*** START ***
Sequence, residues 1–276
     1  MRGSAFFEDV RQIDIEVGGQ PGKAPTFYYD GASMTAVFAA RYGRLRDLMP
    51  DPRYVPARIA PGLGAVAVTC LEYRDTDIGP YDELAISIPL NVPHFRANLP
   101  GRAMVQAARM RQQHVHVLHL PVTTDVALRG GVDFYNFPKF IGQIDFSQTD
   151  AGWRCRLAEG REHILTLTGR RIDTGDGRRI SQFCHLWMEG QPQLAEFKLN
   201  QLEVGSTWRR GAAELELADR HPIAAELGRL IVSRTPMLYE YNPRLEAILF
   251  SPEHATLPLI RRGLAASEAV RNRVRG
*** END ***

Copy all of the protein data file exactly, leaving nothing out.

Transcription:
Sequence, residues 1–276
     1  MRGSAFFEDV RQIDIEVGGQ PGKAPTFYYD GASMTAVFAA RYGRLRDLMP
    51  DPRYVPARIA PGLGAVAVTC LEYRDTDIGP YDELAISIPL NVPHFRANLP
   101  GRAMVQAARM RQQHVHVLHL PVTTDVALRG GVDFYNFPKF IGQIDFSQTD
   151  AGWRCRLAEG REHILTLTGR RIDTGDGRRI SQFCHLWMEG QPQLAEFKLN
   201  QLEVGSTWRR GAAELELADR HPIAAELGRL IVSRTPMLYE YNPRLEAILF
   251  SPEHATLPLI RRGLAASEAV RNRVRG